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13 Jun 2007 : Column 783

Orders of the Day

International Tribunals (Sierra Leone) Bill [Lords]

Order for Second Reading read.

1.42 pm

The Minister for the Middle East (Dr. Kim Howells): I beg to move, That the Bill be now read a Second time.

On 4 June, the trial of Charles Taylor, former President of Liberia, began before a chamber of the Special Court for Sierra Leone sitting extraordinarily in The Hague. Former President Taylor stands charged with 11 counts of crimes against humanity and war crimes, which he is alleged to have committed during Sierra Leone’s brutal civil war.

Let me stress at the outset that it is for the Special Court for Sierra Leone to establish whether former President Taylor is guilty of the crimes with which he is charged. He is entitled to a fair trial and I am entirely confident that he will receive one. The simple fact that the trial is taking place sends an extremely powerful message. It sends the message that, no matter how rich and powerful one may be and no matter how untouchable one may at one stage appear, there can be no impunity regarding those most serious crimes.

All those on trial before the Special Court for Sierra Leone must now answer for their actions. Terrible, shocking crimes happened in Sierra Leone in the late 1990s—of that there can be no doubt. Hon. Members will recall the sickening images of that time. Civilians were slaughtered, mutilated and maimed; women were enslaved and brutalised; and killing, rape and amputation were perpetrated on a massive scale.

Tony Baldry (Banbury) (Con): Uncharacteristically for the Foreign Office, the Minister underplays his brief. The genuine significance of Taylor’s prosecution is that it is the first time that a head of state has been brought before the international courts. It conveys a clear message, which I hope the Foreign Office will trumpet in Khartoum, among other places, that no one, including heads of state, is immune from the reach of the United Nations and international legal tribunals.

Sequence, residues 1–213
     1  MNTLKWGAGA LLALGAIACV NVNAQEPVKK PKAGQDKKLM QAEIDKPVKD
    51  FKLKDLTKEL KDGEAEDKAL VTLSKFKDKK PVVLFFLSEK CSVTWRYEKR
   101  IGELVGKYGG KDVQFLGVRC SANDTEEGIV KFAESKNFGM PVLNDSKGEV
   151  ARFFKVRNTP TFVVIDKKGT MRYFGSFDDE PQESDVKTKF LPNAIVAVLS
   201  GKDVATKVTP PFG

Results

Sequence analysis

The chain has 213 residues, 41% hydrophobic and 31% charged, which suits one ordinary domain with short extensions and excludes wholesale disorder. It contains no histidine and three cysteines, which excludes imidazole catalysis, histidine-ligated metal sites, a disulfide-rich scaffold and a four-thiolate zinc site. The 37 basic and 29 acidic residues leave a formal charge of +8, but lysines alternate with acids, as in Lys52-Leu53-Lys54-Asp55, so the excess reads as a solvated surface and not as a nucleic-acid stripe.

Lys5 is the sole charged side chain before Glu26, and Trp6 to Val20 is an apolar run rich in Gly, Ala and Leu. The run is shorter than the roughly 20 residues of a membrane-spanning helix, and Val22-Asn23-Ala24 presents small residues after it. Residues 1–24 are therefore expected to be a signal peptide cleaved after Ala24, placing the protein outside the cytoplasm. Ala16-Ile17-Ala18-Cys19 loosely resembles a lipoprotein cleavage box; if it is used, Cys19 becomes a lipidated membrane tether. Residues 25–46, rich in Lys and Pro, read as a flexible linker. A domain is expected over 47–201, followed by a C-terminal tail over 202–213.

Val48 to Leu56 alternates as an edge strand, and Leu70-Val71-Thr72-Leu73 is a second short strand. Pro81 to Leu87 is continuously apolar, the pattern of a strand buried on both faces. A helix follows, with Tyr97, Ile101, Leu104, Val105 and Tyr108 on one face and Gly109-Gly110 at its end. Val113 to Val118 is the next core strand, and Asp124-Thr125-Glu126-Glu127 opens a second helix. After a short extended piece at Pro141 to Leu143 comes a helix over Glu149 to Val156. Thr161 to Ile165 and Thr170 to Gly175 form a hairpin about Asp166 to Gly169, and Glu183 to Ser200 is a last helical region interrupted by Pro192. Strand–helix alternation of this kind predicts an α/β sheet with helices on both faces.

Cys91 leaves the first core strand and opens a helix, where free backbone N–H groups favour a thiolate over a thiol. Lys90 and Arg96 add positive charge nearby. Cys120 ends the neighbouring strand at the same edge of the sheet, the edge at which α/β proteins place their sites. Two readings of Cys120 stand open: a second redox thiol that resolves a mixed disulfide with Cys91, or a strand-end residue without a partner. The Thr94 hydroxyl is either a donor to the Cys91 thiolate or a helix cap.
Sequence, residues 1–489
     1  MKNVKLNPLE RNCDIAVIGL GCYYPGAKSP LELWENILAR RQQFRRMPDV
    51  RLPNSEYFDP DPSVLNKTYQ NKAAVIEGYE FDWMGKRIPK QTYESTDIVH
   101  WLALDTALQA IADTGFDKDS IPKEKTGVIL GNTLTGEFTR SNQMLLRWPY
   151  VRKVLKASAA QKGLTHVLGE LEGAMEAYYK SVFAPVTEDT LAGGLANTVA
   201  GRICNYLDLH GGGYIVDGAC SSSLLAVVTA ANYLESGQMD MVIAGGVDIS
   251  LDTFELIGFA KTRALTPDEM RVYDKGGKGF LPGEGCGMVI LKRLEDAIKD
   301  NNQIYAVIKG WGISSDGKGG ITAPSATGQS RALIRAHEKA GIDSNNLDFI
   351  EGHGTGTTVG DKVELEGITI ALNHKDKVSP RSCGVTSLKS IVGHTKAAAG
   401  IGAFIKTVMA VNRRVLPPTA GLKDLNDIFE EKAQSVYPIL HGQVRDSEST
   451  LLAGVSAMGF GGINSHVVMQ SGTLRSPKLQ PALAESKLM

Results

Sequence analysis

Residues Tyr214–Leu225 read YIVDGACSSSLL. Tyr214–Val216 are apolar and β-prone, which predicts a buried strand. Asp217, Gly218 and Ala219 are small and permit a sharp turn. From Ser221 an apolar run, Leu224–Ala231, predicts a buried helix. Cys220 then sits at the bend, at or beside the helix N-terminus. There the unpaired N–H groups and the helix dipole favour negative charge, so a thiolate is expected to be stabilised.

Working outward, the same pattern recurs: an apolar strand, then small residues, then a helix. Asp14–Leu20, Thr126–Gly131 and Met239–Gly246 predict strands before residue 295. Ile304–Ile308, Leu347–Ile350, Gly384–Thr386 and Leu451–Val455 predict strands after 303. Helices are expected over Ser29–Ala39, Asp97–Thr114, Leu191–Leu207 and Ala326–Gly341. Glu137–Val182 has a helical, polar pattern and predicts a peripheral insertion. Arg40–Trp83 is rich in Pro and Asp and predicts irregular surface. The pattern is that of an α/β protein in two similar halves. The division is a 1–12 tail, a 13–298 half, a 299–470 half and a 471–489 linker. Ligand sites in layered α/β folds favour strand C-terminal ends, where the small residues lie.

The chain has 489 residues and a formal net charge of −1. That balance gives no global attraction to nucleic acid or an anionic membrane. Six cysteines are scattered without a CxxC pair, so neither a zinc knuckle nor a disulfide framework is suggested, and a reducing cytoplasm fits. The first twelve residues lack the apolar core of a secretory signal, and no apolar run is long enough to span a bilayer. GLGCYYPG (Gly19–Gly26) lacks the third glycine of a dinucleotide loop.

Dr. Howells: I pay tribute to the hon. Gentleman, who makes a wise observation. He is right to say that the message will be heard around the world.

Perhaps most seriously, children were drugged, armed and turned into soldiers, then forced to wreak on others the horrors that had been wrought on them and their communities.

In May 2000, the United Kingdom brought peace to Sierra Leone. I pay tribute to the bravery and expertise of our troops who carried out that intervention. They have our continued gratitude for the typically courageous and professional job that they undertook. We know from experience that they also have the sincere thanks and respect of the people of Sierra Leone.

Since then, we have supported the Government of Sierra Leone as they have sought to consolidate the peace and rebuild a country ravaged by conflict. Seven years on from our military intervention, the people of
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Sierra Leone are preparing to go to the polls to elect the leaders who will take the next steps on that path of recovery. The UK is providing support for that process, and we will work closely with those leaders as they face the difficult challenges ahead. However, part of the future of Sierra Leone is in coming to terms with the past, and ensuring that those alleged to have committed the shocking crimes of the country’s civil war are held to account. In turn, taking such action sends a message to those who would commit such crimes in future, that if they do so, they will answer for it.

With those aims, the Government of Sierra Leone and the United Nations negotiated an agreement back in 2002 to establish the Special Court for Sierra Leone. The Special Court is an international criminal tribunal of a hybrid nature, in that it combines elements of Sierra Leonean and international law, and draws on the skills of Sierra Leonean and international staff. The United Kingdom has been one of the Special Court’s strongest supporters since its inception. That has meant ensuring that the court has the resources that it needs to do its work. To that end, we recently made a further payment of £2 million towards meeting the costs of the court, bringing our total contribution since 2002 to £12 million.